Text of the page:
Sandy: Destructive Storm From Cuba to Canada
October 27, 2013
By WeatherBug Meteorologist, Chad Merrill
Hurricane Sandy was not only a monster storm for New England and the New Jersey coast, it had far reaching effects from the Caribbean to the Great Lakes. As a matter of fact, Cubans are still trying to get back on their feet a year later.
Sandy Soaks Jamaica
Jamaica is located in a prime spot for tropical activity but surprisingly Sandy was the first hurricane to make landfall in the island nation since Gilbert in 1988.
Hurricane Sandy first pounded Jamaica with heavy rain. It made landfall the afternoon of October 24, 2012, at Bull Bay with maximum sustained winds of 86 mph. This made the storm a Category One Hurricane on the Saffir-Simpson Hurricane Wind Scale. The lowest pressure reported in Jamaica was 972.1 mb at the Kingston Airport when the eye passed over.
Sandy spent less than a day crossing Jamaica, and ended up being more of a rain producer than a wind maker for the island. The highest rainfall total was 28.09 inches at Mill Bank. More than 10 inches drenched the eastern part of the island, with Gran Piedra getting 11.12 inches.
Sandy produced $ 100 million (U.S. dollars) in damage and killed one in Jamaica.
Sandy Wallops Cuba
Only 10 hours after exiting Jamaica, Sandy rapidly intensified in the warm water of the Cayman Trench south of Cuba. It then made landfall 10 miles west of Cuba`s second largest city, Santiago de Cuba early on October 25, 2012. By this time, it was a major Category 3 Hurricane on the Saffir-Simpson Hurricane Wind Scale with maximum sustained winds of 115 mph as it bore down on a population of at least 400,000. In its 5 -hour journey across Cuba, Sandy became one of the costliest hurricanes in Cuba`s history, with total losses estimated at $2 billion. An estimated 226,600 homes were damaged and 17,000 destroyed. In Santiago, almost 900 schools were damaged. The storm was to blame for 11 deaths in Cuba. A total of 1.3 million people were affected by the storm.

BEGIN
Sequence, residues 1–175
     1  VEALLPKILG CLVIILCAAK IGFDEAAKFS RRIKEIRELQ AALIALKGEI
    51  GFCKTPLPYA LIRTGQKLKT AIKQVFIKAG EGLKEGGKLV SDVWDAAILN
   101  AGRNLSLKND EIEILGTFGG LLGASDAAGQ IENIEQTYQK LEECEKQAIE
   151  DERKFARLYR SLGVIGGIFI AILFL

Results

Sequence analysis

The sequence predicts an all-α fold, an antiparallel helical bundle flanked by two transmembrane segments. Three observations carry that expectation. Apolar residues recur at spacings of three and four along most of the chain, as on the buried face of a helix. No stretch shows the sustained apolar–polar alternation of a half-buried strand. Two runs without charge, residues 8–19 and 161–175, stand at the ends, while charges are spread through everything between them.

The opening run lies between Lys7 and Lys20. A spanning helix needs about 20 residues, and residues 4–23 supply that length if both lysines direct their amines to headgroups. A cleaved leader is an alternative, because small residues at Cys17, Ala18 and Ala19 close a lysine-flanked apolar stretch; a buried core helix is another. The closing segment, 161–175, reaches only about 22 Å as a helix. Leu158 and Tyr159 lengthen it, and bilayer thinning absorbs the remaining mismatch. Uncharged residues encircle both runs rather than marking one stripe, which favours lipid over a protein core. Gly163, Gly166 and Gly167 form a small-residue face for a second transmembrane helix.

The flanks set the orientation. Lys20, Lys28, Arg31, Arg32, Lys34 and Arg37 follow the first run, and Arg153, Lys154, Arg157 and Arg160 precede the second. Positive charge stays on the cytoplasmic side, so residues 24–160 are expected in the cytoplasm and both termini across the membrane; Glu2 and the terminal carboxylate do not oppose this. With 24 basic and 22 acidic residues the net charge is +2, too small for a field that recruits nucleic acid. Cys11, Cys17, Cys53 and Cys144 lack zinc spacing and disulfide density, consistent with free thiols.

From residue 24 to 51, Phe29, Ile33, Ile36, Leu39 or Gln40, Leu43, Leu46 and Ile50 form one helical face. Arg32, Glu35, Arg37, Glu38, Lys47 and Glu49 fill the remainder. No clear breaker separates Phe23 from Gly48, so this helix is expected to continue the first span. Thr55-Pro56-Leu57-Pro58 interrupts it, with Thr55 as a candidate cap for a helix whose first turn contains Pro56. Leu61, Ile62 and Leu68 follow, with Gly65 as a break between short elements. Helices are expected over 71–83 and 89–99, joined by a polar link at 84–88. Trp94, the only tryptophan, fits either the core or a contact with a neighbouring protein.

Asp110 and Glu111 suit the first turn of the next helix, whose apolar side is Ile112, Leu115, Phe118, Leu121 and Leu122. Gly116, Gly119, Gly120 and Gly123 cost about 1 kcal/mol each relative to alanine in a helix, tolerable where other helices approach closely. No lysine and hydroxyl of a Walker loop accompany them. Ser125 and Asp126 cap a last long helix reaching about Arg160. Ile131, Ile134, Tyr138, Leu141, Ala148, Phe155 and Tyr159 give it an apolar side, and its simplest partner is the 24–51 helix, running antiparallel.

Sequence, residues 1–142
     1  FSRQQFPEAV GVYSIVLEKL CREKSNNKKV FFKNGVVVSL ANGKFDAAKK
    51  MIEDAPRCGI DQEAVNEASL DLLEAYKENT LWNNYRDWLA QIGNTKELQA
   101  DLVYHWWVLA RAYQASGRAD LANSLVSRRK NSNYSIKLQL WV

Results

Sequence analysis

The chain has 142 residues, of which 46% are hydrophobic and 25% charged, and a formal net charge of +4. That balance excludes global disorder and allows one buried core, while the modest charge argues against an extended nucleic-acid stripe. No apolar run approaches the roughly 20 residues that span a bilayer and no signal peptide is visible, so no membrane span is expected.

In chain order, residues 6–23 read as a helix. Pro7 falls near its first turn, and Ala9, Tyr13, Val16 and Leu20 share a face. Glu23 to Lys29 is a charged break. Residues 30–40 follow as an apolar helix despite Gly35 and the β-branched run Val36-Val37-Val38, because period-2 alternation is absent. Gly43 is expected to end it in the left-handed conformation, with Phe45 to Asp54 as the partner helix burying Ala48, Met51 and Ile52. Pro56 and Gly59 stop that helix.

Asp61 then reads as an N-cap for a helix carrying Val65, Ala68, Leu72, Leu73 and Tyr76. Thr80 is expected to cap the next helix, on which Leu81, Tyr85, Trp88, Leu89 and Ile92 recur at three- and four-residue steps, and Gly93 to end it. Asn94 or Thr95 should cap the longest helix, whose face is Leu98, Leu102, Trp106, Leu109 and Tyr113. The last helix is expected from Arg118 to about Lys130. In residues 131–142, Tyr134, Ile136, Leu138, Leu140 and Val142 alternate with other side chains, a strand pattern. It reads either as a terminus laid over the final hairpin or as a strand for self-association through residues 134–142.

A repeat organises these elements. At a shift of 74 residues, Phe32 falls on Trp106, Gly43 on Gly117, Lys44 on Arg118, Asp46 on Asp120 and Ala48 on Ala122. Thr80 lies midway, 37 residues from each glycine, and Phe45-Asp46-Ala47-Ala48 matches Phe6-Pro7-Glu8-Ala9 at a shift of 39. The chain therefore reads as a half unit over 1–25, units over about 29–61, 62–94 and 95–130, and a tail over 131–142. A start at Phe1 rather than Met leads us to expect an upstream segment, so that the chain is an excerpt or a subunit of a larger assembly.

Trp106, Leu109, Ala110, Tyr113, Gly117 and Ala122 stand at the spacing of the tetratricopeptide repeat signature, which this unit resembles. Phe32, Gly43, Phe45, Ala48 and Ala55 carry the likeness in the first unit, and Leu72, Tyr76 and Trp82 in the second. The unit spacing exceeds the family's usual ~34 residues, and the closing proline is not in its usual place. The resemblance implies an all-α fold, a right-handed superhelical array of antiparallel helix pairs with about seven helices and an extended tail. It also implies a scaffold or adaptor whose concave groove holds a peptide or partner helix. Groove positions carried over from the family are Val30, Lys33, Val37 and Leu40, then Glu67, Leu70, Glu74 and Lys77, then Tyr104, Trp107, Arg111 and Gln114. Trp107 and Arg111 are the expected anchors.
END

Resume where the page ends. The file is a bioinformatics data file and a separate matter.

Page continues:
Sandy also changed the geography of Cuba`s coastline. Storm surge came in 50 yards, permanently changing the eastern coastline with many beaches washed away. President Raul Castro visited Santiago following the storm and compared Sandy`s damage to the aftermath left behind by a bomb. Even six months after the storm, international aid groups were still distributing water tanks, purification tablets, mattresses, sheets, towels and other household goods to Cubans.
It`s a no wonder Sandy produced extensive damage in Cuba, with wind gusts measuring Category 2, 4 and 5 strength on the Saffir-Simpson Hurricane Wind Scale. The peak gust in Cuba was 165 mph in Gran Piedra. Meanwhile, Cabo Lucrecia, Cuba, had a peak gust of 115 mph. The highest wind registered in Santiago de Cuba could have easily exceeded 114 mph but the wind gauge broke during the storm.
Sandy Clips the Southeast U.S.
After Sandy`s stay in Cuba, it then moved across the Bahamas later in the day on October 25, 2012. Two things happened after it moved north of Great Abaco in the Bahamas. The radius of tropical storm force winds doubled in size and Sandy weakened to a tropical storm late on October 26. It didn`t stay a tropical storm for too long though. Early on October 27, Sandy regained hurricane strength and passed a few hundred miles southeast of North Carolina on October 28 and then curved northwest, making landfall late the next day near Brigantine, N.J., as a post-tropical cyclone.